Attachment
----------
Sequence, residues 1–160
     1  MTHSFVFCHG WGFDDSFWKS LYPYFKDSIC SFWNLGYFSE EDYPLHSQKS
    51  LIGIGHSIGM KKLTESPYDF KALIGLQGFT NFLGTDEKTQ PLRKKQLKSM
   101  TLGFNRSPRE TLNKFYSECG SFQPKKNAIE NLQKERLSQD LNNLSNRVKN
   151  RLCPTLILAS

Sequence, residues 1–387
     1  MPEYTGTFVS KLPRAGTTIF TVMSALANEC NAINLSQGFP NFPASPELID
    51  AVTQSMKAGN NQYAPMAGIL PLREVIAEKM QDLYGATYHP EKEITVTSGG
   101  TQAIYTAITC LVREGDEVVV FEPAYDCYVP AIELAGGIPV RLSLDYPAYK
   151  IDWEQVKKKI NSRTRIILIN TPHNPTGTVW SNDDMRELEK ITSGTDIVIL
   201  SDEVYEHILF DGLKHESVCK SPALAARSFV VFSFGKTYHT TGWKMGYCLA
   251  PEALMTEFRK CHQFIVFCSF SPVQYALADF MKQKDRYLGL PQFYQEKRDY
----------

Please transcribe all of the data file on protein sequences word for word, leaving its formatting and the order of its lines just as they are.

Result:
Sequence, residues 1–160
     1  MTHSFVFCHG WGFDDSFWKS LYPYFKDSIC SFWNLGYFSE EDYPLHSQKS
    51  LIGIGHSIGM KKLTESPYDF KALIGLQGFT NFLGTDEKTQ PLRKKQLKSM
   101  TLGFNRSPRE TLNKFYSECG SFQPKKNAIE NLQKERLSQD LNNLSNRVKN
   151  RLCPTLILAS

Sequence, residues 1–387
     1  MPEYTGTFVS KLPRAGTTIF TVMSALANEC NAINLSQGFP NFPASPELID
    51  AVTQSMKAGN NQYAPMAGIL PLREVIAEKM QDLYGATYHP EKEITVTSGG
   101  TQAIYTAITC LVREGDEVVV FEPAYDCYVP AIELAGGIPV RLSLDYPAYK
   151  IDWEQVKKKI NSRTRIILIN TPHNPTGTVW SNDDMRELEK ITSGTDIVIL
   201  SDEVYEHILF DGLKHESVCK SPALAARSFV VFSFGKTYHT TGWKMGYCLA
   251  PEALMTEFRK CHQFIVFCSF SPVQYALADF MKQKDRYLGL PQFYQEKRDY